4. Well I found out about this along time ago. I freaked out but then I researched it. This morning on Montel Sylvia Brown (World Renowned Physic) was on she wrote a book about it. The End of Time she says that there are many prophesies about the end of time. There was even one saying the end of time was in 2005. Sylvia said that we have at least 94-96 more years to live. You shouldn’t listen to all that crud. Sylvia said that the people ran out of ink! Well anyways you could ask god for advice. And check out the book:
    The End of Time Prophecies and Prediction of the end of the world by: Sylvia brown.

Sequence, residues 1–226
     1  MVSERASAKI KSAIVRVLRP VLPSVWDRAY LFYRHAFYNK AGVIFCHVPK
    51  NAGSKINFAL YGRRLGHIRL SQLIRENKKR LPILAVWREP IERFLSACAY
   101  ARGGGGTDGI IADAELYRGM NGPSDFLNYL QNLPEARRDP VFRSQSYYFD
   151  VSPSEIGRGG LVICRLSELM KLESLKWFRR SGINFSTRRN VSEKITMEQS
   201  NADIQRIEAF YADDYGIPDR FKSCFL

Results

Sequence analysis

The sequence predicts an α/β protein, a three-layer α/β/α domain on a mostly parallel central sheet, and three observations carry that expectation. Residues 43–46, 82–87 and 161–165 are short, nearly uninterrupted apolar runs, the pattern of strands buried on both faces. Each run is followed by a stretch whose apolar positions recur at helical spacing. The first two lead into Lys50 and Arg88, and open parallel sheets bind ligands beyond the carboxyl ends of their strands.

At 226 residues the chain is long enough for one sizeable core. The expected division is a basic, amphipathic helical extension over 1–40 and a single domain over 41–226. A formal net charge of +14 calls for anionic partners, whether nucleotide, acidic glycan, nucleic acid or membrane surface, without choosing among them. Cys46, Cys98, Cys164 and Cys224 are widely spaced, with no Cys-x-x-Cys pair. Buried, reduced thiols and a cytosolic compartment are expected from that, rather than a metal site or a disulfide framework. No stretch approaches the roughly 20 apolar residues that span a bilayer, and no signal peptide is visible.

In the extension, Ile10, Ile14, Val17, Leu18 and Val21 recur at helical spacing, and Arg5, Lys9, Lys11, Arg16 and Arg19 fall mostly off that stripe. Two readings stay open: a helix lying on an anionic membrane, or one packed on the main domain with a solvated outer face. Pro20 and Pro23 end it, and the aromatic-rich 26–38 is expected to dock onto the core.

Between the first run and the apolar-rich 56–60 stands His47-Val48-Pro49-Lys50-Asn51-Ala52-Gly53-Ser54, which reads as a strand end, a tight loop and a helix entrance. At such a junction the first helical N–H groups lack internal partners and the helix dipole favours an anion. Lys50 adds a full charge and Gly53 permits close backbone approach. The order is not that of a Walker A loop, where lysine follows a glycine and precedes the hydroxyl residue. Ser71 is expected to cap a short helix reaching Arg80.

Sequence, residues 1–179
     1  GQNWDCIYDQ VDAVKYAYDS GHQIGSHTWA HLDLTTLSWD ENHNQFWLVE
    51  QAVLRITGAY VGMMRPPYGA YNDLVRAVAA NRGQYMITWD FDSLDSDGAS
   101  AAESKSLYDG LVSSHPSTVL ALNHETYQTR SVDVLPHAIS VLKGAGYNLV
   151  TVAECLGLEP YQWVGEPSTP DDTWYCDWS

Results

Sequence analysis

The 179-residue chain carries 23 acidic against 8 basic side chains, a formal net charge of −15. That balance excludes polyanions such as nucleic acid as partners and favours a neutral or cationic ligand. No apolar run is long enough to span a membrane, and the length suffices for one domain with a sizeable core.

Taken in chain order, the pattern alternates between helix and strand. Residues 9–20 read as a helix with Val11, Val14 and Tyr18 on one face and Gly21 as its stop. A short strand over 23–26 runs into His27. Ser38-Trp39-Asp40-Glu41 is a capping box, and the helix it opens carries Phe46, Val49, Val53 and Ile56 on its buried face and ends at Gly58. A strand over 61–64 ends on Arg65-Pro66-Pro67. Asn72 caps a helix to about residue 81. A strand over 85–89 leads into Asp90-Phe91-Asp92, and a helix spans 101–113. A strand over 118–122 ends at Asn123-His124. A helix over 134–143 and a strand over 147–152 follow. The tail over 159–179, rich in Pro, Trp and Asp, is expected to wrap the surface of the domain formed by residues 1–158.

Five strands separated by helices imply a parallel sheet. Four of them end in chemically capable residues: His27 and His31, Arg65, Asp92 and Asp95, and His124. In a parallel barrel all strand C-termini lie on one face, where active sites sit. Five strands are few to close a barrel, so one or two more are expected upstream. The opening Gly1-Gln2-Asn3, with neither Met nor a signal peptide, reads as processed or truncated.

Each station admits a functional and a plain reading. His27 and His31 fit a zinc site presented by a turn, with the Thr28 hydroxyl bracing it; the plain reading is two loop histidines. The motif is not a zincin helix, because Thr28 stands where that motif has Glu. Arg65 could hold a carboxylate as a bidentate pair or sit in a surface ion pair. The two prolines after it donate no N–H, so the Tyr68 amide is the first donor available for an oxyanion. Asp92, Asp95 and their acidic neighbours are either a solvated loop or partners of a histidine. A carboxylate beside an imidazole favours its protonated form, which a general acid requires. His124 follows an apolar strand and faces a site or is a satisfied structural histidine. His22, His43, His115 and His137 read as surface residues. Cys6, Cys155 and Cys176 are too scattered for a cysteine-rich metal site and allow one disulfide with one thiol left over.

5. There are several theories on this. The movie 2012: Doomsday says that it will be a cataclysmic polar shift, causing the polar ice caps to melt. Some believe it will be like The Day After Tomorrow. Most think it will simply be the end of the world. But I say there will be a war. World War III, which includes not only the physical world, but the metaphysical as well. This theory seems to be getting more and more likely, based on recent events. Some people are already preparing for war.

    Its still possible that nothing will happen, but don’t think that’s likely. December 21st…I don’t think there’s any real significance to that date, but if there is, it will be a major turning point. Probably the biggest turn in the whole situation.

  6. It’s an awful lot to type, but if you can get hold of a copy somewhere Wild Cats of the World (Melvin and Fiona Sunquist) has the information you’re looking for.

    I’ll try to summarize –